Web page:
The (Nonperfect) Mathematics of Trust
@vaidehijoshi
@vaidehijoshi
1735
Professor Roman Sznajder
but seemed to me worthy of attention
This question is so banal,
in that [neither] geometry,
nor algebra,
nor even the art of counting
was sufficient to solve it.
"
sufficient
—Leonard Euler
MAA Euler Archive
Vaidehi's Super Fast And Exceedingly Friendly Guide to Graph Theory
™
(no PhD required!)
nodes or vertices
edges
undirected
directed
ordered pairs
(x, y)
(V, E)
(x, y)
G = (V, E)
G = (V, E)
a set of vertices
a set of edges
G = (V, E)
a
b
c
V = { a, b, c }
E = { {a, b}, {b, c}, {c, a} }
G = (V, E)
a
b
c
V = { a, b, c }
E = { (a, b), (b, c), (c, a) }
degree
how many vertices are adjacent to this one?
a
b
c
d
e
d = 2
e = 1
a = 4
path
getting from an origin to a destination
simple
without
without repeating vertices
a
b
c
simple path
Eulerian path
All of the vertices with a nonzero degree must be connected
Two vertices must have an odd degree
All of the vertices in the connected graph must be of an even degree
OR
2.
1.
2.
Euler proved something impossible by proving what was possible.
was
"Geometry of Position"
Graph theory
Euler's problem
graph theory is all over computer science
The Knight's Tour
Wikimedia Foundation
Cayley Graphs
Jaap's Puzzle Page
Google's PageRank Algorithm
Wikimedia Foundation
graph theory
is all over the web
literally is the web
is all over the web
website a
website b
website c
website d
website e
website f
Euler's problem
Euler's problem
computer
science
bioinformatics
sequencing the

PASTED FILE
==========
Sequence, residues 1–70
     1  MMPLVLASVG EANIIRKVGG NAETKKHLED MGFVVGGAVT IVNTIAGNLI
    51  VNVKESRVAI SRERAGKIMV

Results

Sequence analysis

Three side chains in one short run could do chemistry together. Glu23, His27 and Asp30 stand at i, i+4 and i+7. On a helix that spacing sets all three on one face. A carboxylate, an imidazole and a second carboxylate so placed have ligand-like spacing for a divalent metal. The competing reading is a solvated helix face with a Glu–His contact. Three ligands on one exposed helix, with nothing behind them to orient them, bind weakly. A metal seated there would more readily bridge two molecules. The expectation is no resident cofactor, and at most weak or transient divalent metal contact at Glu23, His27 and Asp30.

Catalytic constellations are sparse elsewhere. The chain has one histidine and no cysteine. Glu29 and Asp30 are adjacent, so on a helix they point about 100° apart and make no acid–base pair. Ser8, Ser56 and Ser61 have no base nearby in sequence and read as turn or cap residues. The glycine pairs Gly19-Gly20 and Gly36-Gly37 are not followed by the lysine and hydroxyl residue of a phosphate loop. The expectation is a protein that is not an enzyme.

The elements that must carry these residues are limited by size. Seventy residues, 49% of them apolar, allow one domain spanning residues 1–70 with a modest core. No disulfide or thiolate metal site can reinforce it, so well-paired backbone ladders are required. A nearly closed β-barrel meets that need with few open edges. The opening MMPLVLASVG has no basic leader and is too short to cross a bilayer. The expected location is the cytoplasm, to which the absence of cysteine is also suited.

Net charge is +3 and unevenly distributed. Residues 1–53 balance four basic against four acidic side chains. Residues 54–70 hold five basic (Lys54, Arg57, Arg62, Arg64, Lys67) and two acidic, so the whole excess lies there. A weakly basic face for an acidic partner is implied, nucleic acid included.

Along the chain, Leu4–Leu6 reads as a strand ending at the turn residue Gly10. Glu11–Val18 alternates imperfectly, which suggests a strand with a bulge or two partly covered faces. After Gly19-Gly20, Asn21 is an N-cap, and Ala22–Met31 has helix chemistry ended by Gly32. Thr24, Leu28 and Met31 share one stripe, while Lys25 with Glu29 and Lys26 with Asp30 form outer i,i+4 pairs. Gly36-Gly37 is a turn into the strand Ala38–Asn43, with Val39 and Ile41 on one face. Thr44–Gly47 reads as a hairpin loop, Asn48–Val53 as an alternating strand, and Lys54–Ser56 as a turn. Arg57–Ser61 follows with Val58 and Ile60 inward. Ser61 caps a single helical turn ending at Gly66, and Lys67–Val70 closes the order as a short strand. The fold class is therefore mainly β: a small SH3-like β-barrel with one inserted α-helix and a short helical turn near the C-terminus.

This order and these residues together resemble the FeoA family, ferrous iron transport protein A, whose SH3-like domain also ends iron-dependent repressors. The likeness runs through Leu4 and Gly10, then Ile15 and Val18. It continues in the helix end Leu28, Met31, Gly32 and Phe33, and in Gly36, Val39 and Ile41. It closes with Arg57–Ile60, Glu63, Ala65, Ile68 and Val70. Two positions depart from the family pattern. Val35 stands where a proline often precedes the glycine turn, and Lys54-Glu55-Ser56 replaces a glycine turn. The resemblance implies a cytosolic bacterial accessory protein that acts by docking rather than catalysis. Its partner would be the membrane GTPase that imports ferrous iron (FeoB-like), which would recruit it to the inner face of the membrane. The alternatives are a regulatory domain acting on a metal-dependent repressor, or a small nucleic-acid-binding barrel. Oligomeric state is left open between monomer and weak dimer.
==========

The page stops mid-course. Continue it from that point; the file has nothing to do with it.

human genome
2001
de Bruijn graph
Cold Spring Harbor Laboratory Press
Euler's problem
computer
science
genome sequencing
Euler's problem
computer
science
genome sequencing
Euler's problem
computer
science
2001
Nicholas Christakis
We’re all embedded in massive social networks that have massive influences on our wellbeing.
"
Harvard University
Harvard University
our connections can influence each other in positive or negative ways
humans are connected by edges
genome sequencing
Euler's problem
computer
science
genome sequencing
Euler's problem
computer
science
sociology
6 degrees
of Kevin Bacon
genome sequencing
Euler's problem
computer
science
sociology
genome sequencing
Euler's problem
computer
science
Kevin Bacon?
sociology
But it's not just Kevin Bacon!
directed graphs
undirected graphs
genome sequencing
Euler's problem
computer
science
Kevin Bacon?
sociology
sharing
economy
genome sequencing
Euler's problem
computer
science
Kevin Bacon?
sociology
sharing
economy
economy
genome sequencing
Euler's problem
computer
science
Kevin Bacon?
sociology
trust
sharing
economy
the sharing economy leverages our interconnectedness
how we relate to one another
how we navigate our careers

People are more likely to be referred for jobs by their 2nd and 3rd degree connections.

Connections matter most in technologyrelated industries.

Men typically have larger professional networks than women, but women’s connections appear to be higher quality when it comes to jobhopping.
how we choose our government
how we choose our government
Fake accounts based in Russia purchased more than $100,000 worth of ads on divisive issues in the runup to the 2016 presidential election.
$10 and 15 minutes
20,658 employees
2 billion monthly users
1 employee for every 97,000 users
It can be very easy to trust the algorithms that automate our world.
But the mathematics behind them can't be trusted blindly.
Trust is a (very) hard math problem.
to pick up where the math ends,
We need humans to intervene,
to innovate better approaches to the really hard problems.
to evaluate whether the math is fair to everyone,
That's exactly what Euler did.
Whatever happened to Königsberg?
Thank you!
@vaidehijoshi
The (NonPerfect) Mathematics of Trust
By Vaidehi Joshi